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The Greatest of All Time – Part 3 of 5

Posted by ThatsMyJamRadio on July 30, 2008

LL Cool J is easily one of the most important rappers around because he’s been active since the early days of hip-hop’s commercial success. Hear his thoughts on maturing in the game, what he says is his best work and the keys to his successful marriage.

THAT’S MY JAM: One thing I also wanted to ask you was how do you personally challenge yourself to stay competitive and relevant in hip-hop? I mean it’s a pretty finicky market in terms of the styles that come and go.
LL COOL J: You know what? I just love what I do, man. When you do something for 24 years, I mean finicky is not even ― it doesn’t even matter anymore, you know, it’s just about making great music and delivering. I don’t take it for granted, I don’t approach it in a cocky way, you know what I’m saying? I approach it with humility, but I just do what I do and love what I do, so I don’t have that fear and that discomfort that comes with maturing in the game. I feel like I’m always relevant, you know, even when people say I’m not relevant, as soon as I’m about to put a project out, they want to talk about it, you know what I’m saying? So, I think it’s one of those things where I’ve earned my position, but the position that I’ve earned doesn’t give me the right to put out bad records, so I try not to, but it doesn’t mean I’m not going to because when you do 13 albums, you’re going to do a few bad ones. Like, guys that do three, four, five albums, that’s one thing, but when you start getting over those years ― It’s not even so much the amount of records I’ve done, it’s the amount of eras I’ve done them in, you know what I’m saying? So it’s not just the amount of records, like, to have 10 or 12 or 13 albums is a feat, what’s challenging is to do that amount of records as the chapters keep turning in this genre, you know what I’m saying? It’s easy to squeeze them all in a certain period. If you do them all in one era, you’ll strike while the iron is hot, but to be able to do ’em ― you know what I mean.

So, yeah, I just love what I do, man, I love it. I approach it with humility, have fun doing it and like to do it. It’s fun.

OK. Now, when you look back at your catalog of work, do you see your albums as progressively getting better or when you really look back, do you think, “Wow, blank album was my favorite, that was the best I was.”
The albums definitely don’t progressively get better. I mean, you know, it’s kind of like it’s a matter of taste. As much as you would tell me that you like “Doin’ It,” and you appreciated it in high school and maybe that album with “Hey Lover” and “Loungin” and all that, I could find somebody who would tell you that “Rock the Bells” and the album that had [that] on it and “I Need a Beat” and “Radio” was the real album, and then as soon as you tell somebody that’s the real album, somebody could tell you Mama Said Knock You Out with “The Boomin’ System” and all that is the real album, so it’s kind of like it’s a generational thing. But that being said there are a few stand out albums. There’s just some albums where I think I hit the mark, just touched it right, but that’s just a part of having a career, like being in the NBA or NFL: you don’t win the championship every year, you know what I’m saying? Even though you play on a professional level. Nah, I don’t think they get progressively better. I think the last couple, a case could be made that they got weaker, know what I’m saying? But what I don’t think people understand is that it’s not that they got weaker because of my lack of talent or ability or capability, it’s because I was doing TV, movies and a billion other things, so I wasn’t spending my life in the music like I was on those other records. So when you have a guy giving 50 percent of his energy, but 100 percent of his heart to a project, it affects it, you know what I’m saying? I was always giving my heart, but not all of my energy.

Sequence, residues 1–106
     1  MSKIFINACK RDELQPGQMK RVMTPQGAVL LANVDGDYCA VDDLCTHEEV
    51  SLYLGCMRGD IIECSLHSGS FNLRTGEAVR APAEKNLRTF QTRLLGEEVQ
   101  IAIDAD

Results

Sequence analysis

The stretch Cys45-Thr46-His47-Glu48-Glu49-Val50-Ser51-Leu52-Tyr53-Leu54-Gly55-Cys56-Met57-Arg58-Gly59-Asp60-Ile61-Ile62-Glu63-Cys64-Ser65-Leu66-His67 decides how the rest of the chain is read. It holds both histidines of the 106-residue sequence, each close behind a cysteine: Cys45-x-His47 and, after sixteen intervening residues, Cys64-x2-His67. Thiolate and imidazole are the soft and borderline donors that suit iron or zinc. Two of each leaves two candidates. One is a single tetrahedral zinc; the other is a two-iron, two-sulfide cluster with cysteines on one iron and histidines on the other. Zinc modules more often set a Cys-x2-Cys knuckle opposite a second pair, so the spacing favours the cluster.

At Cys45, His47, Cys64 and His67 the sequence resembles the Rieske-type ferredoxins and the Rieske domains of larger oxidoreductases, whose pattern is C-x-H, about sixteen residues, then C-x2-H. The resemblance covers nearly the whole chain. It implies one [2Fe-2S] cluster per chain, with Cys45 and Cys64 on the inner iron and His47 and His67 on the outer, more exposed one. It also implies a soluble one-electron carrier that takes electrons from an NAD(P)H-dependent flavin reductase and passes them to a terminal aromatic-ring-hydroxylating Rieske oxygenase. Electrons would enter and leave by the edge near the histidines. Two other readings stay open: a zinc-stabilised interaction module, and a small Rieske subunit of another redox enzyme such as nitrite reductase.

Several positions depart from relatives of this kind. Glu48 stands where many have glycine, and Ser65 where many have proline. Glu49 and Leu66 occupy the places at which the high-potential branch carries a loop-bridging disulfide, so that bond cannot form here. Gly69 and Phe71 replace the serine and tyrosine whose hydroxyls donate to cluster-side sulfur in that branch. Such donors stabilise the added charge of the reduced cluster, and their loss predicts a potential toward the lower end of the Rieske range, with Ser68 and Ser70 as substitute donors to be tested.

OK. When you do look back at your catalog, which albums do you think you hit the mark on?
I think my first album [Radio], I think the Mama Said Knock You Out album, the Mr. Smith album, [Bigger and Deffer] album, obviously All World [a greatest hits compilation] ― yeah, definitely Mr. Smith, Bigger and Deffer, Mama Said Knock You Out and Radio. To me, those four are the best ones and I think that this album that I’m working on now will ultimately be in that category because it’s that much better than those other records in between there like The DEFinition, and Todd Smith, which was an album that I did for a different reason, but Todd Smith and The DEFinition and those records, I don’t think ― even though I had “Headsprung” ― I don’t think I really found my voice because I was just doing so much that I was kind of ― not coasting out of arrogance, but coasting because I was just busy, you know what I’m saying?

Come back tomorrow for part four of “The Greatest of All Time.”

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